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  • Paradise

    We hadn’t been camping in years; in fact, I didn’t think my wife would ever agree to camp again. We decided to give it another try. It was perfect – it was Paradise.

    The Tahquamenon River starts its journey to Lake Superior approximately 70 miles south of Whitefish bay. The river starts very modestly in Michigan’s Upper Peninsula. Only a small stream at first, but it quickly grows as it is fed by 800 square miles of watershed. Bear, elk, deer, wolves, and moose are some of the wonders of the animal kingdom that can be seen throughout the pristine-untouched land. The river, along its journey, has several drops that create breathtaking waterfalls. The state of Michigan has recognized the importance of preserving the natural beauty of the Tahquamenon Falls, and has created one of the most amazing park systems I have ever seen.

    The area has historical significance as well. Whitefish Point, which is just a few miles from the falls, is a key ship navigation point on the great lakes. Numerous ships have met their demise while traveling through this area of Lake Superior. In fact most of you are probably familiar with one wreck which was immortalized in a song written by Gordon Lightfoot called “The Wreck of The Edmond Fitzgerald.” The ship went down before it was able to reach the safety of Whitefish Harbor during gale-force wind November of 1975. Lake Superior is the largest freshwater body of water in the world. Deep and very cold – the lake is unforgiving. For me the beauty of it is best enjoyed from shore. One of the lines in Gordon Lightfoot’s song says: “Superior – they say – never gives up its dead when the gales of November turn gloomy.” I, having tried swimming in Lake Superior, can attest to the fact that it is so cold that it takes your breath away. No one can survive more than a few minutes in the unforgiving waters.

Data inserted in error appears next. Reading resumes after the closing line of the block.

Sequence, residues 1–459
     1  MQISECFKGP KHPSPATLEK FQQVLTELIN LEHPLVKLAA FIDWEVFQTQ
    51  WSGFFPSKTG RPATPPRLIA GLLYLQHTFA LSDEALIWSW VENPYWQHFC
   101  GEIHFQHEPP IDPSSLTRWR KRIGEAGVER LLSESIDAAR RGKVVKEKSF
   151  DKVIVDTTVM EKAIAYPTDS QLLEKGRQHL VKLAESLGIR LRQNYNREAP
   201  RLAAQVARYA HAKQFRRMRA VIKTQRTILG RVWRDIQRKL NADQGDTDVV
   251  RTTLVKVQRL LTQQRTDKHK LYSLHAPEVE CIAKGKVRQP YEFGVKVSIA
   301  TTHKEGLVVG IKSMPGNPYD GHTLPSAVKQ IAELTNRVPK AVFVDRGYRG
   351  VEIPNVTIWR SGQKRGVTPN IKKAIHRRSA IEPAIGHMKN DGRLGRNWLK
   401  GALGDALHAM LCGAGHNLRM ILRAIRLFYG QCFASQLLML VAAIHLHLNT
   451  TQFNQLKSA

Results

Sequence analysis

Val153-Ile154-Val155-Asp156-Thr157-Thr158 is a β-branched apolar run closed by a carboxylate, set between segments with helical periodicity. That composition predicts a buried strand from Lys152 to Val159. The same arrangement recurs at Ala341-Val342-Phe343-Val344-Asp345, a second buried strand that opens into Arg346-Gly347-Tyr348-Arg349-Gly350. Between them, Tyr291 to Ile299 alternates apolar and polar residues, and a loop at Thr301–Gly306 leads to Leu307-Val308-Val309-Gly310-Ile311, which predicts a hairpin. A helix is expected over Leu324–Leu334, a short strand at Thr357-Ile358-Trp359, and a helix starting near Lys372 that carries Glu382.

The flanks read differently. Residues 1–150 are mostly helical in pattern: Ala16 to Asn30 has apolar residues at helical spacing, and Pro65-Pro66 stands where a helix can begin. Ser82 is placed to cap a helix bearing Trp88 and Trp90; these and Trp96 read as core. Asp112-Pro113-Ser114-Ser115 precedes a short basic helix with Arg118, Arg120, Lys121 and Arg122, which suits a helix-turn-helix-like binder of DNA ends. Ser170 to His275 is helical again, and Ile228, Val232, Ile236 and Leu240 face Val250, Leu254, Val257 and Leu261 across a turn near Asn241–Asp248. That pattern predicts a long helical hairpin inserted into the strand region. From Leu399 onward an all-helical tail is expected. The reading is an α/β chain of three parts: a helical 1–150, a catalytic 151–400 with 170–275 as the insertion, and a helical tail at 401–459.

I have lived in Michigan all of my life, and for some reason have never visited the area until last weekend. We camped in a tent at the lower falls campground. Our site was at the very back of the campground. The first night was magical. The air was as fresh as air could possibly be. As I stretched out in the tent I was thinking about how excited I was to start shooting some photographs in the morning. At that moment it dawned on me that the sound that I had been hearing down in the valley behind us was that of the falls roaring below. I took another deep breath, and tried to think of words that could accurately describe what I was feeling at that moment. The best I could come up with is that, to me, the Tahquamenon Falls has to be like that which the bible describes as The Garden of Eden. I continued to think of the falls as Eden, and then a light went off in my head. The small town that we were near was called Paradise. This is the Garden of Eden, and I ‘am’ in Paradise.

    This article was originally published in forum thread: Paradise started by ClosetWriter View original post
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